The wood for stump tables is affordable (usually free!). In this post I’ll show you some low-cost, easy-to-make DIY furniture leg options for your stump table. Of course, the legs can be used in other furniture projects, too!
I don’t have that much carpentry experience, and I’ll tell you a secret–I’m not sure I want too much. What I mean is, if a furniture piece involves a compound miter saw and a table saw, lots of angled cuts, a long cut list (or any cut list), a pneumatic nailer, or generally something complex, it probably isn’t the project for me. I admire fellow bloggers who can whip out a big farmhouse table or something similar. But for many types of furniture builds, I like looking but not doing. Are any of you in this situation?
So I stick to what I like to look at and what I like to make. A simple type of side table is made of a table top and stand alone furniture legs. One of my favorite styles is called “live edge” where the natural edge of a tree is incorporated into the furniture or decor piece as a design element. Enter the stump table. Simple tree slice stump tables are easy to make and the rewards are huge!
In a previous project, Live Edge Tree Slide Side Table with Legs made of Lamp Pipe, I went into detail about choosing wood, drying, removing bark, leveling tree slices with a router, and more. If you want additional info, check out that link. I won’t go into as much detail here.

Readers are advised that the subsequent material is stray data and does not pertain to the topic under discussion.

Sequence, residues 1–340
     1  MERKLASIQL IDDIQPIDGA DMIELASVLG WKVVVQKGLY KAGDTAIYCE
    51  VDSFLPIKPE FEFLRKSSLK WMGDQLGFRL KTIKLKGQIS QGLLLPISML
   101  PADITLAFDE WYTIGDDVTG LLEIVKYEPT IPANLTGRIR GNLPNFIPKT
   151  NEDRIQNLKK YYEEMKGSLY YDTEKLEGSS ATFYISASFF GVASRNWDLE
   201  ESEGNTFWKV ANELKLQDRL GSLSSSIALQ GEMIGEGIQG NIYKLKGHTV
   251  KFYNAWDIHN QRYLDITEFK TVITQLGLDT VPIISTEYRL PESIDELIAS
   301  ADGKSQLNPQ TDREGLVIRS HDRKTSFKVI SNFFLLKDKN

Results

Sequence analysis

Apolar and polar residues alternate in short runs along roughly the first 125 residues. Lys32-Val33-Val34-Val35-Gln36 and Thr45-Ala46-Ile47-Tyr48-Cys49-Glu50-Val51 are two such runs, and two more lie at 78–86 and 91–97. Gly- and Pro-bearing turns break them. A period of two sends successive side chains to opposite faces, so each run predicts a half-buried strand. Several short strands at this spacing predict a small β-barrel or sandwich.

I picked up my piece of wood for this project from an ad on Craigslist. It is from a sweet gum tree. Before I got this wood, I had not heard of the sweet gum tree. When I was driving home with it, I started smelling something. I thought maybe I walked through something flowery while getting the wood. Later, sleuthing on the net to identify the wood, I realized the sweet smell was the wood! Perfect! Sweet gum wood is a pleasant reddish brown color, and it has a subtle grain pattern. Very pretty!
- dust mask
- belt sander
- hand sander
- Minwax Polyurethane, clear satin (or other finish to your liking)
- paint brush
To process the wood, I took the bark off with a chisel and hammer, then sanded the top flat with a belt sander. I didn’t level the bottom. It was fairly level, though, and I decided to fiddle with the legs to level the side table, if needed.
I did finish sanding with a palm sander and by hand. I usually start with 80 grit coarse sandpaper and then a medium grit sandpaper (100 or 120), then fine sandpaper, usually 220 grit. You can sand as little or as much as you want to.